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Up from the sea now soared the dawning day:
Aeneas, though his sorrow bids him haste
to burial of the slain, and his sad soul
is clouded with the sight of death, fulfils,
for reward to his gods, a conqueror's vow,
at morning's earliest beam. A mighty oak
shorn of its limbs he sets upon a hill
and clothes it o'er with glittering arms, the spoil
of King Mezentius, and a trophy proud
to thee, great lord of war. The hero's plumes
bedewed with blood are there, and splintered spears;
there hangs the corselet, by the thrusting steel
twelve times gored through; upon the left he binds
the brazen shield, and from the neck suspends
the ivory-hilted sword. Aeneas thus,
as crowding close his train of captains throng,
addressed his followers: “Ye warriors mine,
our largest work is done. Bid fear begone
of what is left to do. Behold the spoils!
Yon haughty King was firstfruits of our war.
See this Mezentius my hands have made!
Now to the Latin town and King we go.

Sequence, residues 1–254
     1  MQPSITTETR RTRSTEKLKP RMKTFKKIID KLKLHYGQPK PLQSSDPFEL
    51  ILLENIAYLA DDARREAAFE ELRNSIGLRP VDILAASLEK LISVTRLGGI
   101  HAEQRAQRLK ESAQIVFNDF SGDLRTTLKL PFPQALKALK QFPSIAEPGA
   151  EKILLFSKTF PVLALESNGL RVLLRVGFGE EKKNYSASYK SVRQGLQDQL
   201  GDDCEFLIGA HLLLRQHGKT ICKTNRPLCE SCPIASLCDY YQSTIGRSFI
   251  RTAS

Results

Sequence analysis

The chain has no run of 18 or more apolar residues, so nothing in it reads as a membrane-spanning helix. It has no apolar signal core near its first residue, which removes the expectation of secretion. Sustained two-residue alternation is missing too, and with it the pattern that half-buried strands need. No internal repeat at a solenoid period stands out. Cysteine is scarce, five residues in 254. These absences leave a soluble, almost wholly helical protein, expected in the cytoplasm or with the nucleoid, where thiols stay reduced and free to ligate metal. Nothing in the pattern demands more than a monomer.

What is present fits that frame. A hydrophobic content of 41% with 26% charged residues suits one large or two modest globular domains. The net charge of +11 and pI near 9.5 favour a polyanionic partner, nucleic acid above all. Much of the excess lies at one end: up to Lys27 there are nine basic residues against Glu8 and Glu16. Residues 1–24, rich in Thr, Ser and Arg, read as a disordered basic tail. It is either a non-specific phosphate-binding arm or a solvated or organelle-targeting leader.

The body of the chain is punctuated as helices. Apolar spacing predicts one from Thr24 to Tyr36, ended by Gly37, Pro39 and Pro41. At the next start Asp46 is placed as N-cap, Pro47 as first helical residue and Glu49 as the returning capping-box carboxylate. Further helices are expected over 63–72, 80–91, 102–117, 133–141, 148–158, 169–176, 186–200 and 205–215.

Arm you in soul! With heart of perfect hope
prepare the war! So when the gods give sign
to open battle and lead forth our brave
out of this stronghold, no bewilderment,
nor tarrying, nor fearful, faltering mind
shall slack our march. Meanwhile in earth we lay
our comrades fallen; for no honor else
in Acheron have they. Go forth,” said he,
“bring gifts of honor and of last farewell
to those high hearts by shedding of whose blood
our country lives. To sad Evander's town
bear Pallas first; who, though he did not fail
of virtue's crown, was seized by doom unblest,
and to the bitterness of death consigned.”

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load focus Notes (John Conington, 1876)
load focus Notes (Georgius Thilo, 1881)
load focus English (John Dryden)
load focus Latin (J. B. Greenough, 1900)
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